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Justice Prevails

Felicity Jones
Felicity Jones
Focus Features
 120 Minutes
Rated: PG-13
Directed by: Mimi Leder
Starring: Felicity Jones, Armie Hammer   
On the Basis of Sex

Ask people to tell you the most important U.S. Supreme Court Case regarding racial discrimination and the future Supreme Court Justice who argued it, and many of them, even non-lawyers, will tell you Brown v. Board of Education and Thurgood Marshall respectively. But ask those same people to tell you the name of any federal court case regarding sex discrimination and the future Supreme Court Justice who argued some important sex discrimination cases, and you would likely be greeted by blank stares on the first and a few blind guesses of Ruth Bader Ginsburg on the second. To elevate public awareness of that critical struggle in the courts, director Mimi Leder has made the second film this year about Ginsburg, On the Basis of Sex, a flawed but instructive and crowd-pleasing movie.


Before discussing On the Basis of Sex at length, I should note that the screenplay was written by Daniel Stiepleman, who is Ginsburg’s nephew. Further, various drafts of the script were reviewed multiple times by Ginsburg and her attorney daughter Jane (who, as a teenager, is also a character in the movie). So, like the recent Green Book, whose script was written by Nick Vallelonga, the son of the main character, Stiepleman has both emotions about his aunt and the subject matter, and some extensive firsthand resources to call upon. Unfortunately, while Vallelonga was a veteran director and screenwriter, Stiepleman is a novice, and his inexperience shows in the script’s overreliance on clichés and conventions.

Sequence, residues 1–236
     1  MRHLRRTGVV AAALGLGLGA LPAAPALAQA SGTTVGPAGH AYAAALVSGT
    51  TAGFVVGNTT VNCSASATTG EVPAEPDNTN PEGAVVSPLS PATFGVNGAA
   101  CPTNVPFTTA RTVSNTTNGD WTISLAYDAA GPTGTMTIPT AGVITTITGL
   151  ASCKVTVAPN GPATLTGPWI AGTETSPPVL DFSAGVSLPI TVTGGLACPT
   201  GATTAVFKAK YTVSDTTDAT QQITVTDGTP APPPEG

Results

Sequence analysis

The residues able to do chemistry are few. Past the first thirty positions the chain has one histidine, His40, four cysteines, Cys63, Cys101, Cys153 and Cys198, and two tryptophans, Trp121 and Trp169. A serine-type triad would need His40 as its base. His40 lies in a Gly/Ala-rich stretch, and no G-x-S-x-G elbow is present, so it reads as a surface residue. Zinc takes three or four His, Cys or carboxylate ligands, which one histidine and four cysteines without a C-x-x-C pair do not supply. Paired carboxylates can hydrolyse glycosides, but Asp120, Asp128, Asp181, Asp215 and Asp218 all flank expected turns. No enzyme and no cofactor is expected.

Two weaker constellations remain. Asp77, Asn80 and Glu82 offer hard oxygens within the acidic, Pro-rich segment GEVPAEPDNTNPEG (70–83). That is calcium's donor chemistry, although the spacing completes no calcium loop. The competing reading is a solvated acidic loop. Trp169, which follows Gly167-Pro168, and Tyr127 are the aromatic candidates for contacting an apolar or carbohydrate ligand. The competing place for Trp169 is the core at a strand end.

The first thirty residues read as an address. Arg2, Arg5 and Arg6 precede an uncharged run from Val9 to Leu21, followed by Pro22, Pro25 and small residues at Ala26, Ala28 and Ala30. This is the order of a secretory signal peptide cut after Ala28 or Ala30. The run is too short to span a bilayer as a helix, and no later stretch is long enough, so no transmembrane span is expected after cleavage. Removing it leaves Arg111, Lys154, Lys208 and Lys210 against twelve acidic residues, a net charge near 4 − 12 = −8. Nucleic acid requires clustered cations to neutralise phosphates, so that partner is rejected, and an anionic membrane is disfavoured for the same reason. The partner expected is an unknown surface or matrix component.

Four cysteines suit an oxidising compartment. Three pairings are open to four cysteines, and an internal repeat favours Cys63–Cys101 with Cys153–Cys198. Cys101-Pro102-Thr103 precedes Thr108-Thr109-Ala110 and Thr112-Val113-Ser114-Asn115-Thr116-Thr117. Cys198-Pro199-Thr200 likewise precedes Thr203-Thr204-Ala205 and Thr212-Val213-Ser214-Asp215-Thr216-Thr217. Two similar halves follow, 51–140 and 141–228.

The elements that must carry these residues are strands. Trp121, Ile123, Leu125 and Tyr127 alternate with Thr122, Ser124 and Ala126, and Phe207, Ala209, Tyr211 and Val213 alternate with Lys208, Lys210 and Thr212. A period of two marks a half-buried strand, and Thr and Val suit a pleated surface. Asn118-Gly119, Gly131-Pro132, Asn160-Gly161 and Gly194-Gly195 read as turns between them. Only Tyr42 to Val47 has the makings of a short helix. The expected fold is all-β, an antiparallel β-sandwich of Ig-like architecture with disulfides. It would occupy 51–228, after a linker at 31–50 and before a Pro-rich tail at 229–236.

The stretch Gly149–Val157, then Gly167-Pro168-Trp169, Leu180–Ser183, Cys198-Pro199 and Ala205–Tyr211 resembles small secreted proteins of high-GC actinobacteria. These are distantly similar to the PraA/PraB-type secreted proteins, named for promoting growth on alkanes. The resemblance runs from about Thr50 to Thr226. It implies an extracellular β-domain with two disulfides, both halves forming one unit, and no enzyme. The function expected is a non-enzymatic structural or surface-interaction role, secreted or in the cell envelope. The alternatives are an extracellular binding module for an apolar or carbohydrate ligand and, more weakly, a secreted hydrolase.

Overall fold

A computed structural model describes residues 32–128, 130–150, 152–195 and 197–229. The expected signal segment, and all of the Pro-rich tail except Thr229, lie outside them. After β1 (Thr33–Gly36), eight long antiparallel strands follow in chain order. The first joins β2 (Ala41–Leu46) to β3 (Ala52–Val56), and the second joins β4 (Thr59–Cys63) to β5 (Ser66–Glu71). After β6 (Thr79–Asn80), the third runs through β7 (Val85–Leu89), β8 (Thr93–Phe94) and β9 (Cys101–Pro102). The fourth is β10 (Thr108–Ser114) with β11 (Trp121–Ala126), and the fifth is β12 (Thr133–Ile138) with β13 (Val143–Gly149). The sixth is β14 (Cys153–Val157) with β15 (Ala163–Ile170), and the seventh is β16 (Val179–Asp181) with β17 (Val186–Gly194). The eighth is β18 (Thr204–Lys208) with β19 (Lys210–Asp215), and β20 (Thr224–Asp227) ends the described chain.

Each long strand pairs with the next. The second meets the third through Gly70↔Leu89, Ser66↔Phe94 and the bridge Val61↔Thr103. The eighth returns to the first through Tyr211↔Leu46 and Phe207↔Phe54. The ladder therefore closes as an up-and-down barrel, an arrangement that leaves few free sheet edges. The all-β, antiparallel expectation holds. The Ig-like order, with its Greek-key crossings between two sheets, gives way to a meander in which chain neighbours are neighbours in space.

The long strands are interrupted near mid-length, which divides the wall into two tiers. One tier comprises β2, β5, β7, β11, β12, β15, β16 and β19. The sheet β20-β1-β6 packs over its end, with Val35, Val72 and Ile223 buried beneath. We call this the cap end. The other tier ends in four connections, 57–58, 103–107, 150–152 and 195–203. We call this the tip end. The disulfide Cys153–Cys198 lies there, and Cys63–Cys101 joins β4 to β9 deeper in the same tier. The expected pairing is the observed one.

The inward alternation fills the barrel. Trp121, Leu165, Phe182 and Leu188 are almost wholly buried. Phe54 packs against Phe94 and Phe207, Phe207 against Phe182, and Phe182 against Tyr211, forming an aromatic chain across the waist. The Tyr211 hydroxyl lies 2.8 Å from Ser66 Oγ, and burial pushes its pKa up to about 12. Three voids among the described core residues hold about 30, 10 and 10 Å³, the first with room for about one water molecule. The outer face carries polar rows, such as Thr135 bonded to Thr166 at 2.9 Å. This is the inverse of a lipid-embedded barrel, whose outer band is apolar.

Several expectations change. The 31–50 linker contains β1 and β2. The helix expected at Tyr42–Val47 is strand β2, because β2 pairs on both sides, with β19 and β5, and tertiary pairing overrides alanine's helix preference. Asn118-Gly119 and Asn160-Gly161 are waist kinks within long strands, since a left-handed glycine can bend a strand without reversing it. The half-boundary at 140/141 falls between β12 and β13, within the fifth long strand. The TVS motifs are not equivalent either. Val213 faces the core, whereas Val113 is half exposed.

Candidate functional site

On the Basis of Sex focuses on the first 15 years of Ginsburg’s legal career. The film begins with Ruth (Felicity Jones) and husband Marty (Armie Hammer) as Harvard law students, where she soon butts heads with the dean, Erwin Griswold (Sam Waterston), who doesn’t think women have much of a place in the legal profession. Despite Griswold’s disdain, Ruth excels in her classes. Later, when Marty is stricken with testicular cancer, she audits his classes in addition to her own as he recuperates. When Marty, who is a year ahead of Ruth, graduates and takes a job with a top New York City law firm, Ruth transfers to Columbia for her final year, only to learn that Dean Griswold won’t grant her a Harvard degree, despite making similar allowances for men in the past.